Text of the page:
The Rights of the Orphans and the Protection of Their Property
The first Ayah stressed upon the care and concern for kinship in an absolute sense. Then came the general emphasis on the fulfillment of rights that issue forth from it. Now, the second Ayah carries the command to protect the properties of the orphans, as well as the prohibitions of any misappropriation therein because the guardian of an orphaned child is usually one of his relatives. Therefore, this too has a bearing on the fulfillment of the rights of kinship.
The word, “al-yatama” in the first sentence of Ayah 2 is the plural of al-yateem (the orphan). Literally, it means the lone or the unique. Therefore, a pearl that resides in its shell all alone is called Ad-Durr al-Yateem (the orphan-pearl).
When a child attains puberty he is no more referred to as yateem in the terminology of Islamic law as it has been clarified in a hadith which says, “Orphanhood ends with puberty”. [Mishkat, p. 284]
If orphaned children have property, either gifted to them or received by them through inheritance, then the responsibility of protecting this property as well as the orphan himself falls on the shoulders of the person who is the guardian of the orphan. It does not matter whether the guardian was appointed by the father of the orphan himself before his death or by the government. It is the guardian’s duty that he should certainly cover all costs incurred on the necessary maintenance of the orphan from what he owns, but he should not give what the orphan owns into his possession before he has reached the age of maturity because he, being an immature minor, may lost it somewhere.
So, the statement, ‘give the orphans their property’, in this Ayah, has been clarified a little later in ayah 5 where it has been said that the property of the orphans should be given to them after it is certain that they have become mature and do have the ability to distinguish between what is good for them and what is not.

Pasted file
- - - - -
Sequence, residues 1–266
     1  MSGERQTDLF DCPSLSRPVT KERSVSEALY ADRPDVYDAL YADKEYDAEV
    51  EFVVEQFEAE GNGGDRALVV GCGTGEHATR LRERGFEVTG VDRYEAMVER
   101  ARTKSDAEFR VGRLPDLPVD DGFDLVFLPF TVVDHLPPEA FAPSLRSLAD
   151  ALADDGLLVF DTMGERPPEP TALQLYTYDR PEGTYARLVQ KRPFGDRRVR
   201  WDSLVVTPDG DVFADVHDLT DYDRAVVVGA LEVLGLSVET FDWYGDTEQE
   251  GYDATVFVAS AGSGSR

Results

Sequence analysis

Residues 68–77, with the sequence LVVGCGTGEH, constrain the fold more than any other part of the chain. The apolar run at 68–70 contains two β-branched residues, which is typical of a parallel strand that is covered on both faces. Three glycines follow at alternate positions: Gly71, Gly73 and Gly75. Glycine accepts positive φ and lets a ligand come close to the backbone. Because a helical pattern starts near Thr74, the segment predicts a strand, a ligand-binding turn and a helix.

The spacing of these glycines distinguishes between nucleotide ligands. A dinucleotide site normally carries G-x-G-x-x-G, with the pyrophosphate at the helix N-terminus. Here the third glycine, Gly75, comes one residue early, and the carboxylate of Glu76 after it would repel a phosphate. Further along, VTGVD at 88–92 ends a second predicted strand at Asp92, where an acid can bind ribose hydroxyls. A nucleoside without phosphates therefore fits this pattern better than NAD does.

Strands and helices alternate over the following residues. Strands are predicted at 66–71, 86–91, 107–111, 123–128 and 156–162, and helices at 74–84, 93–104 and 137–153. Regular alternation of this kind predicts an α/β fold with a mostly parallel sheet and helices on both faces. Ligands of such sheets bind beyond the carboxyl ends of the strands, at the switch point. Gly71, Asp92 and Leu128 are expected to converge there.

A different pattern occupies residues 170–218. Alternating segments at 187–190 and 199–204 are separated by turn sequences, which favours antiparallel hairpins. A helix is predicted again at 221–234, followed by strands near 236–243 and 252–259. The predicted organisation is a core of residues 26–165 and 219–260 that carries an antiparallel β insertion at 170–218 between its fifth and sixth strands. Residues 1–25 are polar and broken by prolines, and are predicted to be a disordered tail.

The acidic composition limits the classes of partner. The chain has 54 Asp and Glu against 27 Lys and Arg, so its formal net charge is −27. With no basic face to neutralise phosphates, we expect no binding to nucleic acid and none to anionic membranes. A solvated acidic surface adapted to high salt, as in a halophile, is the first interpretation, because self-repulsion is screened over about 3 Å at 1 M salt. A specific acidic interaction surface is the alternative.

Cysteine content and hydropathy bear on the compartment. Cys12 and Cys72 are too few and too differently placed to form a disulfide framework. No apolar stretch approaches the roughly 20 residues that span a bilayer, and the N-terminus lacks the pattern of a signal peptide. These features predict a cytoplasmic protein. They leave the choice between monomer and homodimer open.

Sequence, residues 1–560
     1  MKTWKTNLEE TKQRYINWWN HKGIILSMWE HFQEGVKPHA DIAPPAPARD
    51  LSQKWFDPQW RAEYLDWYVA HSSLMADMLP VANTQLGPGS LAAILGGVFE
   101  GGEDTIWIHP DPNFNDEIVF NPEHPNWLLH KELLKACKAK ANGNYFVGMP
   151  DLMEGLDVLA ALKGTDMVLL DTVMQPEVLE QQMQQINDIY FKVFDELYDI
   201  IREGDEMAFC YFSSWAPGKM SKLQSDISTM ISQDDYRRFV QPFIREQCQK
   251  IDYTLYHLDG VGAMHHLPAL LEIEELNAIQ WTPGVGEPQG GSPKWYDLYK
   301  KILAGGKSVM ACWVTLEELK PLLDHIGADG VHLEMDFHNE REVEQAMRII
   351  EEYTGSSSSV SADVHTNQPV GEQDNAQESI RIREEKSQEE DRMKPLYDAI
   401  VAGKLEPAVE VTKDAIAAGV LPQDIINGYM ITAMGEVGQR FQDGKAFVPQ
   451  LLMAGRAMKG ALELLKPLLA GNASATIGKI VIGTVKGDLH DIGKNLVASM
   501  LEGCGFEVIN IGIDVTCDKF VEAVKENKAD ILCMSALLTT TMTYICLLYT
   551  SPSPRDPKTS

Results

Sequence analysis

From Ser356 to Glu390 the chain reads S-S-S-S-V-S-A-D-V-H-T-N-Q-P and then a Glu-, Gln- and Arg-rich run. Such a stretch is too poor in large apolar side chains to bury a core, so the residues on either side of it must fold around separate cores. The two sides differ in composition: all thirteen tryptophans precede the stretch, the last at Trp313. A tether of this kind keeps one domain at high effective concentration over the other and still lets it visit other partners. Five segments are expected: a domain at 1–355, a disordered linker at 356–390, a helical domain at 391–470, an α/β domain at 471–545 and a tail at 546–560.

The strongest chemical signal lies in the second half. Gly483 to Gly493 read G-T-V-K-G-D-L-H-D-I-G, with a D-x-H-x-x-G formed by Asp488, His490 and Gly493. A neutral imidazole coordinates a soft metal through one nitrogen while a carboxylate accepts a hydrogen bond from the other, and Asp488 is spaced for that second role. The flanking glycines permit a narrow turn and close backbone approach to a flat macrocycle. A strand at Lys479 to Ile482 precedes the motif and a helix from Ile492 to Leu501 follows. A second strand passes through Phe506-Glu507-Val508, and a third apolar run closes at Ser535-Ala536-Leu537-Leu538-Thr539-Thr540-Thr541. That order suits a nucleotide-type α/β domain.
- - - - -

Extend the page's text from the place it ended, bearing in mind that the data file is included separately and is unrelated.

Therefore, the meaning of ‘give the orphans their property’ in this ayah should be taken in the sense of protecting their property so that it could be given to them at its appropriate time. Furthermore, there is a clear hint in this sentence towards the extent to which the guardian of the orphan is responsible for his welfare. It is being said here that his responsibility is not limited to just that he himself refrains from eating up or squandering the property of the orphan, but it is also an integral part of his duties that he should do everything possible to protect, guard and conserve the property in the best of state, capable of being handed over to him when mature.
The second sentence prohibits the substitution of bad things for the good ones. There were people who would let the number of things owned by the orphan stay unaltered, but would take something good from there and substitute it with something bad they themselves had. For example, swapping a lean goat for a healthy one, a bad coin for a good one, and things like that. Since, this too is a breach of trust in respect of the property of the orphan, and in the event that someone driven by his naughty self comes up with the excuse that he has not ‘taken’ what belonged to the orphan, he has rather ‘exchanged’ it. So, the Qur’an has forbidden it explicitly.